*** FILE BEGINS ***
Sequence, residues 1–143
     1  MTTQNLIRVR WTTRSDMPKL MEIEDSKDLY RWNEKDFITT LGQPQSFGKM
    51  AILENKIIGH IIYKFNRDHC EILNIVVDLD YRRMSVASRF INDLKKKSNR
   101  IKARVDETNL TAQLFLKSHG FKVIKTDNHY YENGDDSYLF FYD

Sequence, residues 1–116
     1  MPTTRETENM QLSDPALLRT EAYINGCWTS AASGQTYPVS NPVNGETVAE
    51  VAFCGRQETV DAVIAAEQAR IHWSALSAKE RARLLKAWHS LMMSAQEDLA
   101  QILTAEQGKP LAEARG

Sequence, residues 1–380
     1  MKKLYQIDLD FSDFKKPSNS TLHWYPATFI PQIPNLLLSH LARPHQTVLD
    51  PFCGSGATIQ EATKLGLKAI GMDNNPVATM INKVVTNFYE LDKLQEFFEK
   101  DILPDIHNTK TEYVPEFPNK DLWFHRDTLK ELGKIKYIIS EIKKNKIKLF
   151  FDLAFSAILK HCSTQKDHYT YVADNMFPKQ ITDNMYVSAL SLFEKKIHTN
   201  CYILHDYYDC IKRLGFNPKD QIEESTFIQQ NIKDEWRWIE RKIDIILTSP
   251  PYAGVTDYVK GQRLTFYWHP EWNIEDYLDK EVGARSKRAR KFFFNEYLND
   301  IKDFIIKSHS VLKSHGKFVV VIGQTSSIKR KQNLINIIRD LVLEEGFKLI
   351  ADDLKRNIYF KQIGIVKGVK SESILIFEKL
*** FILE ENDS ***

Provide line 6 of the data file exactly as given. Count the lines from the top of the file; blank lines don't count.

     1  MPTTRETENM QLSDPALLRT EAYINGCWTS AASGQTYPVS NPVNGETVAE